Just when I was getting used to “organic,” the nation went and grabbed itself a new health fad.
I rarely have a day where I don’t see or hear the terms, “gluten-free,” “probiotic” “lactose-free,” “Paleo,” etc. And there seems to be new ones constantly.
Not only are these terms well advertised on the front of many products in the store, but there are also aisles dedicated to them.
Restaurants have an entire side of the menu highlighting “gluten-free,” and I’ve gotten to the point where inviting people over for dinner also includes asking them what specialty diet they are on.
After getting together with some girlfriends and for 45 minutes hearing nothing but everyone’s gluten, dairy or yeast intolerances – my head was spinning. It was like when all your friends are raving about a new album and you have no idea who the singer even is.
My mom and I joked that explaining what diet you’re on is like ordering your special Starbucks drink with all those fancy terms. “I’ll take that gluten and dairy free with a shot of organic sugar and probiotics, minus the yeast.”
I am all for people finding healthier ways to eat and completely understand that some foods will make some bodies not feel so hot. Our bodies are a gift from God, and we should treat them that way.
Like your mom always told you, don’t jump just because it is what everyone else is doing. Just because your neighbor, teacher and best friend have intolerances, doesn’t mean you do.
“We shouldn’t be swayed by what other families are doing or what the popular media tells us,” says Master Nutrition Therapist and Staff Nutritionist at the Y, Aimee Darling.
Before labeling that you or your child has an allergy or intolerance, Darling recommends looking out for struggles with mood, sleep and/or physical issues such as rashes, dark circles around the eyes, hives, etc. Then, take some foods out of your diet and carefully watch what happens.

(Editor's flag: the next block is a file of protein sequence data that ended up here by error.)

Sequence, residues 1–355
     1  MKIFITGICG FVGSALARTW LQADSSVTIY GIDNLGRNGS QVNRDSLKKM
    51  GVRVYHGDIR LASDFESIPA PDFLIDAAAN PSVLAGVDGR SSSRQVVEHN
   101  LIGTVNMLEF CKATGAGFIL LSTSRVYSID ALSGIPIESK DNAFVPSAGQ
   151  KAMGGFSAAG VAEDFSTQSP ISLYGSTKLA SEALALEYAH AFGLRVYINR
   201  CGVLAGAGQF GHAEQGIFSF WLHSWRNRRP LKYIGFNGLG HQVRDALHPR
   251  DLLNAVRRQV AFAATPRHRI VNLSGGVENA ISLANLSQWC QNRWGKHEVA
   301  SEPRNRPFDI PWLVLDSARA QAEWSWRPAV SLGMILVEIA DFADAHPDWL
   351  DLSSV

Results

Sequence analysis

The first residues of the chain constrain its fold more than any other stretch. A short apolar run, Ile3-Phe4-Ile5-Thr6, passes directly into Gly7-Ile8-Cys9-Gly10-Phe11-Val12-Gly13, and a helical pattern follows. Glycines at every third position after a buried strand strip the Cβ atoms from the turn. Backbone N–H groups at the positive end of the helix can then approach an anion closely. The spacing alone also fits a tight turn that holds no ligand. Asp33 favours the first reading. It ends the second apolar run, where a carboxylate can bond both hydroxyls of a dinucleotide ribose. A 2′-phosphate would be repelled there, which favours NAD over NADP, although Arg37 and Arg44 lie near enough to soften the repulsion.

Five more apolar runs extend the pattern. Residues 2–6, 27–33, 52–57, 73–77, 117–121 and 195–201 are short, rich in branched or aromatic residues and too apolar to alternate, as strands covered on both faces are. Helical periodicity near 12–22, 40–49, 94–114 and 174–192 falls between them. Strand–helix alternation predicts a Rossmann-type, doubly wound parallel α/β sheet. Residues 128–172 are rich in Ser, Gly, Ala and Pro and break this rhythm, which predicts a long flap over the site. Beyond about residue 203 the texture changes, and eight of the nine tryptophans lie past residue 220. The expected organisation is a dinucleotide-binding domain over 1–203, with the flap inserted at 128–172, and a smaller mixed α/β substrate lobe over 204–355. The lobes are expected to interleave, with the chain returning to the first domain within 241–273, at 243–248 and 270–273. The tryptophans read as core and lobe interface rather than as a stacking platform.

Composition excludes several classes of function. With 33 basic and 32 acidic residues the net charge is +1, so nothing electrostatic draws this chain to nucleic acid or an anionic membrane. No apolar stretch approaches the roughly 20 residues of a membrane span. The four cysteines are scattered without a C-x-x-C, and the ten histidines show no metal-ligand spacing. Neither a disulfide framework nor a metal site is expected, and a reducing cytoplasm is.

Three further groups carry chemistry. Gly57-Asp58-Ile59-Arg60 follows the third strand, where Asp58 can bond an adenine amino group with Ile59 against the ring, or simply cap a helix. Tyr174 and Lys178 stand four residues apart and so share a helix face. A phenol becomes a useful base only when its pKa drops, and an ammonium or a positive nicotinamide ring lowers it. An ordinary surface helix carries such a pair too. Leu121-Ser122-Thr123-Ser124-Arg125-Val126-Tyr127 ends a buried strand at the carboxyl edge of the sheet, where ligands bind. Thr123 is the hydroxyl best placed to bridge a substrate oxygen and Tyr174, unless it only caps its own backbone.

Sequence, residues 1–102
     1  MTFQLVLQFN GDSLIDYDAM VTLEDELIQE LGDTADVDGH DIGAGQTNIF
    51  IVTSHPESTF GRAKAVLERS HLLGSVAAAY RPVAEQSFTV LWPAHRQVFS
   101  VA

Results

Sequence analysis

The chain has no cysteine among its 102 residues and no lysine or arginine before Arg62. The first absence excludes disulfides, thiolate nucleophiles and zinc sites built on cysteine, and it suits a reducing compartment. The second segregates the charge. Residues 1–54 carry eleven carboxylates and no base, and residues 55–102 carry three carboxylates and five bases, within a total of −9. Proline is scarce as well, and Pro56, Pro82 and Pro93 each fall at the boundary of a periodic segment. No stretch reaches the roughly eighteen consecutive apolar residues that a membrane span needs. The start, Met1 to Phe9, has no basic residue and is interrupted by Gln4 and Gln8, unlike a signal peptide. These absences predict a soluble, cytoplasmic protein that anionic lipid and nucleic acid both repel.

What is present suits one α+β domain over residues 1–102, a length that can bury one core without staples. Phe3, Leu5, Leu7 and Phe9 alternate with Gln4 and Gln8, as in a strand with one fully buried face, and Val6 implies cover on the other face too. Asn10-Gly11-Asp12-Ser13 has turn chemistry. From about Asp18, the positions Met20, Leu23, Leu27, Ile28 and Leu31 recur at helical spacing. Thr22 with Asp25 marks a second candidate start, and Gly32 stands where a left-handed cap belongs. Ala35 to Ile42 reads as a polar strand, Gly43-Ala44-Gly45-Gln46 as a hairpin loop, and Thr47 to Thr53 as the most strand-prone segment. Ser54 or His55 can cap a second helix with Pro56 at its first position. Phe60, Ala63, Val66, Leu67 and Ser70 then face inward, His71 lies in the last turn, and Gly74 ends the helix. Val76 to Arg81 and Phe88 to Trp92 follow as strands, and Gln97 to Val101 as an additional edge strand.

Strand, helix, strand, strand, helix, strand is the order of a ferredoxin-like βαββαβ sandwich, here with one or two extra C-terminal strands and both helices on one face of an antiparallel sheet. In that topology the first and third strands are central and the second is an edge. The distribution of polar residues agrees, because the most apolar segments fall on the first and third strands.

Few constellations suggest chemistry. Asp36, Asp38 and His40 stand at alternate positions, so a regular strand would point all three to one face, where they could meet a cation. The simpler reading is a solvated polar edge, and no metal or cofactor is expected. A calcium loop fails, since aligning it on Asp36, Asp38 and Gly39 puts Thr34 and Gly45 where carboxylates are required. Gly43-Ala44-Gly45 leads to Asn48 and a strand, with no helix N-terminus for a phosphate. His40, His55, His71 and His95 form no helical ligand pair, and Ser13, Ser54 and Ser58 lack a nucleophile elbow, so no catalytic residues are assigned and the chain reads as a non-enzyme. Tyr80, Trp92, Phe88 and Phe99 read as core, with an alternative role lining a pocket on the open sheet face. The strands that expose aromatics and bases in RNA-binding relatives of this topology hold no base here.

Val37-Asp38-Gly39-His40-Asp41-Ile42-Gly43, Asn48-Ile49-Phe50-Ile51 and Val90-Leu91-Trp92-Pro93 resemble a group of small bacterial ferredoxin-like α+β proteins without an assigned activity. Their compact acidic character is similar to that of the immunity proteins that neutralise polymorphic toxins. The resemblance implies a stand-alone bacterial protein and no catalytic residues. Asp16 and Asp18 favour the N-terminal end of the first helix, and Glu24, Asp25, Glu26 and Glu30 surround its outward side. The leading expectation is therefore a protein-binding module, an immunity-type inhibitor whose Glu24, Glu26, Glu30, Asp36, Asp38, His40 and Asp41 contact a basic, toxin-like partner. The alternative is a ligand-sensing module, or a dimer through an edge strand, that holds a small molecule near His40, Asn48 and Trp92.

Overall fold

These are serious diets that take research, paying attention to your body and prayer.
God created all foods for us to enjoy and to nourish our bodies. The key is that we use theses gifts in moderation.
Here is a quick 101 on these hot health terms:
Gluten-Free: Gluten is a protein found in grains such as wheat, barley, rye and triticale (a cross between wheat and rye). This diet is used to treat celiac disease – an inflammation in the small intestines. While only a small percentage of people have celiac, many use the diet to manage their bread and pasta intake or help with stomach bloat.
Foods not allowed unless labeled “Gluten-Free”: Beer, bread, cake, many seasonings, soups, pasta, salad dressing, etc. Foods allowed: Beans, eggs, most dairy products, fruits and vegetables.
Lactose or Dairy-Free: Lactose intolerance means that you are not able to properly digest the milk sugar (lactose) in dairy products. Lactose intolerance is usually caused by low levels of the enzyme lactase in your small intestine that lead to signs and symptoms such as diarrhea, gas and bloating.
Vegan/vegetarian: Vegetarianism concentrates solely on not eating meat (red meat, seafood, poultry, etc.); Vegan is a form of this diet that also excludes eggs and dairy products.
Paleo (Paleolithic Diet): There is a reason why this is referred to as the “Caveman Diet.” Paleo focuses on eating fresh meats, fish, nuts, and fruits and vegetables. The diet excludes whole grains, legumes, dairy, processed foods, potatoes, refined salt, refined sugar, processed oils and alcohol.
Probiotics: These are a type of “good” bacteria that are considered to help with protection from harmful bacteria. Probiotics are found in foods such as yogurt, but recently we’ve seen a rise in the use of probiotics as a dietary supplement. While it isn’t certain that probiotics will make you healthier, there's encouraging evidence that probiotics may help with digestion, eczema and colds/flu.
"So whether you eat or drink or whatever you do, do it all for the glory of God" 1 Corinthians 10:31 NIV.
Sources: Mayo Clinic; Church Health Center (www.churchhealthcenter.org).